“Fire Music” review: a passionate case for free jazz


A default reaction to the musical form called “free jazz” – Ornette Coleman’s phrase for this experimental, improvised style of jazz – has long been that it was “not music.” This concise yet compelling documentary directed by Tom Surgal is full of uplifting sounds, moving reminiscences, and uplifting arguments that it’s not just music, but vital music.

Gary Giddins, a critic who is as comfortable explaining Bing Crosby as Cecil Taylor, points out at the start of the film that someone playing blues on a porch can do their 12 bar or 14 bar phrases or whatever. at will. In group play, certain agreements must be respected.

One of the bases of free jazz is to approach the ensemble playing without conventional chords. Hence the approach of Coleman’s virtually conductorless double quartet on the 1961 album “Free Jazz: A Collective Improvisation”. Much attention is also paid here to Coleman’s break with bebop by insisting that you could improvise without chords. His playing sounded wrong for traditional jazz musicians not yet familiar with microtones.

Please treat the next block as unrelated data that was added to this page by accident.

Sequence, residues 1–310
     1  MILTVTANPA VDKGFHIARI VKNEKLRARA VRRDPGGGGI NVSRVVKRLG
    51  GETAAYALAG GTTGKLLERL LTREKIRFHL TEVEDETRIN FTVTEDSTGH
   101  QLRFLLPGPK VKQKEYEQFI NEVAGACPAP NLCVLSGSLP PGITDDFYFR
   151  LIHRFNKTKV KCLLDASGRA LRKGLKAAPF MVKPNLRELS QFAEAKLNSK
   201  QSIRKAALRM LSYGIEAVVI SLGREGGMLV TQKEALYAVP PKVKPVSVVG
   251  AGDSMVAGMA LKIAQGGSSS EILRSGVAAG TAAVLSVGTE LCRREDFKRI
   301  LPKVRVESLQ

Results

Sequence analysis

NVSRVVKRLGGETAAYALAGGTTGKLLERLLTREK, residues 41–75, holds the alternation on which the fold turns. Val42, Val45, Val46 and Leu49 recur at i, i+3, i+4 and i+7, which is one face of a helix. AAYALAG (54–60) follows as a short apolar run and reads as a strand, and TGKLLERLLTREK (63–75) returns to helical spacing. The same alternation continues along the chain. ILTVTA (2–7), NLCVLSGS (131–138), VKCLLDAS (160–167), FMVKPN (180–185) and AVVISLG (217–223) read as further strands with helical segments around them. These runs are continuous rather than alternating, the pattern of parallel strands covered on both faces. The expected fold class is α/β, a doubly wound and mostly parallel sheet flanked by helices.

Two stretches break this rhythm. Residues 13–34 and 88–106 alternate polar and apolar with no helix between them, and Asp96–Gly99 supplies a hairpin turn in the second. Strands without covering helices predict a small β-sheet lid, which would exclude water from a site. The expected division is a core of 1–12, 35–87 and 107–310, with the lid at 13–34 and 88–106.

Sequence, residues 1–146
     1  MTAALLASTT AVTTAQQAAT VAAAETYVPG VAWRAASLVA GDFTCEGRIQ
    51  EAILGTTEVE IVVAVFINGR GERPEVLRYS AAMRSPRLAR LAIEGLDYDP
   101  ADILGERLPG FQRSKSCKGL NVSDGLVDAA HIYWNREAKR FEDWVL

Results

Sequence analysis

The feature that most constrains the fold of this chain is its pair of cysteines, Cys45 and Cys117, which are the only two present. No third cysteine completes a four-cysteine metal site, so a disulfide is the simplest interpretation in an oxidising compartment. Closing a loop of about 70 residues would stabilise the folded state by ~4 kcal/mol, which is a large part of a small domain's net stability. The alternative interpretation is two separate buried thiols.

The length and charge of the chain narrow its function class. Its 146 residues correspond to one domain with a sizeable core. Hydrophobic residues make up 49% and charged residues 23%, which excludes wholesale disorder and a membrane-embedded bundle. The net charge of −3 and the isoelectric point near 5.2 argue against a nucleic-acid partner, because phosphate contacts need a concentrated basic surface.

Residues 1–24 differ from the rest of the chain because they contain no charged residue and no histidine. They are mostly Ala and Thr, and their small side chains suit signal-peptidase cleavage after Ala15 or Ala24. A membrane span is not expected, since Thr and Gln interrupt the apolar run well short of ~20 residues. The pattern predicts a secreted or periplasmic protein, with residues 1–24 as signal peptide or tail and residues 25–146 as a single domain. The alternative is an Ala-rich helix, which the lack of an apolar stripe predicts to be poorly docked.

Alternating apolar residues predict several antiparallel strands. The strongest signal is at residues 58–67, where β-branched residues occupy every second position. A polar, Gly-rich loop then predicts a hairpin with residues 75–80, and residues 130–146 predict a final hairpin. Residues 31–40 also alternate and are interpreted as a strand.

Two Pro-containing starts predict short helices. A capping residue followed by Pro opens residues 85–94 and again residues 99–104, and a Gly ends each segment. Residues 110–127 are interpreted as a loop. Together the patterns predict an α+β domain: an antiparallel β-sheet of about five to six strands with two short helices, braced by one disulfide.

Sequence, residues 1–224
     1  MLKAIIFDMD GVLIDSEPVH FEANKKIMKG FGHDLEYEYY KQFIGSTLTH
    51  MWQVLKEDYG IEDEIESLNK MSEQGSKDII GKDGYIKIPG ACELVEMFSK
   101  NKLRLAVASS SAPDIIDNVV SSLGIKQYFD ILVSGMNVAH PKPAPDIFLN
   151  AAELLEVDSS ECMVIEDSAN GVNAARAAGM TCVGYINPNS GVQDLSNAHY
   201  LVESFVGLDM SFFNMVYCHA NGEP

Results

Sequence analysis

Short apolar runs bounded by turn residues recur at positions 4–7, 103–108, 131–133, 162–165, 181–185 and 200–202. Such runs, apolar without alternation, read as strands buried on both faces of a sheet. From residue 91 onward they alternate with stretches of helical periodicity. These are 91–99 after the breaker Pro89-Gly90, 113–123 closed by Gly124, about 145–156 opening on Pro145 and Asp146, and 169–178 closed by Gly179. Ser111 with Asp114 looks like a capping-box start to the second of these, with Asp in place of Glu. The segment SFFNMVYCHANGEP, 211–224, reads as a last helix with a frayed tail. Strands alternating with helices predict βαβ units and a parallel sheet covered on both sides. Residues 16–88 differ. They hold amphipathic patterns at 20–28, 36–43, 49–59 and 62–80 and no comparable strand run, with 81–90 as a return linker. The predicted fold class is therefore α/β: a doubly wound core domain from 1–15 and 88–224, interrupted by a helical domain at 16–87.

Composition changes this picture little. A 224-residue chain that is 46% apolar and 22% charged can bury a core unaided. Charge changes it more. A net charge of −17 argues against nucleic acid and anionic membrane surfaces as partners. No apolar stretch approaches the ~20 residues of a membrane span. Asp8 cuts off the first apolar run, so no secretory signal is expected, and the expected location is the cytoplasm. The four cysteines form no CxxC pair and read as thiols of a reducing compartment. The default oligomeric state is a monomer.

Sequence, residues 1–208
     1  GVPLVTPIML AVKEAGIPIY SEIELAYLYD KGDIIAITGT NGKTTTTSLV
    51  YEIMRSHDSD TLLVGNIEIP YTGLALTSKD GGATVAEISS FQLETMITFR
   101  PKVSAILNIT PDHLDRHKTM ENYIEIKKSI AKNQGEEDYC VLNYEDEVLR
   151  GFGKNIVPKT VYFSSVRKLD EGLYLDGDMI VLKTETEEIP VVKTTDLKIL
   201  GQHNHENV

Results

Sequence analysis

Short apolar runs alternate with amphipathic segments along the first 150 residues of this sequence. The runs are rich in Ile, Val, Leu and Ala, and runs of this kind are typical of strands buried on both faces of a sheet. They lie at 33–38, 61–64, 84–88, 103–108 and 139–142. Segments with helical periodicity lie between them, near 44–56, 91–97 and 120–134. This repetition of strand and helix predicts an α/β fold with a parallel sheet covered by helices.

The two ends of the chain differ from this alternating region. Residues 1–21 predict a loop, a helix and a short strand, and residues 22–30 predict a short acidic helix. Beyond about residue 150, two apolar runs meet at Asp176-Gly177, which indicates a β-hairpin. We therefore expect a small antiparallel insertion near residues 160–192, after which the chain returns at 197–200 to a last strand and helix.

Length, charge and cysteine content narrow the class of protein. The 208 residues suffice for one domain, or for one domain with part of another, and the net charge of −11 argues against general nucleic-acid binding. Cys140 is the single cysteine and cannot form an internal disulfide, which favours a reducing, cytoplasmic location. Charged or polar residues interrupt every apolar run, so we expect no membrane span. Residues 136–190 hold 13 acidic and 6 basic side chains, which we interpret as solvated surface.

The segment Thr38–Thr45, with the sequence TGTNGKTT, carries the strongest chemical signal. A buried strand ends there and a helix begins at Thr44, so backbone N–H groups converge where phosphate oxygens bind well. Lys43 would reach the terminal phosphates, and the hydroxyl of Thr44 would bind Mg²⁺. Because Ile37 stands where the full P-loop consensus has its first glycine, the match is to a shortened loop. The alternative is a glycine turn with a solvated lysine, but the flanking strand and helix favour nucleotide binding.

It looks a bit dry, but the film is anything but. Other highlights include incredibly well-curated archive footage and contemporary interviews that allow the viewer to briefly commune with beautiful souls including Coleman, Sam Rivers, John Coltrane, Rashied Ali, Don Cherry, Carla Bley. “Whatever he did, it was the right thing to do,” Bley, now 85, says of Cherry, who died in 1995.

Most of these players are black, and their innovations in the 1960s struggled to gain traction in the United States. So they flocked to Paris, and the film scrupulously tells how the European movement “free improvisation” became something allied, but distinct from, what the American founders created.

As a fan of improv music myself, the 88 minutes of this film was too short a heaven on earth. Honestly, I would binge on an extended series.

Fire music
Unclassified. Duration: 1 hour 28 minutes. In theaters.

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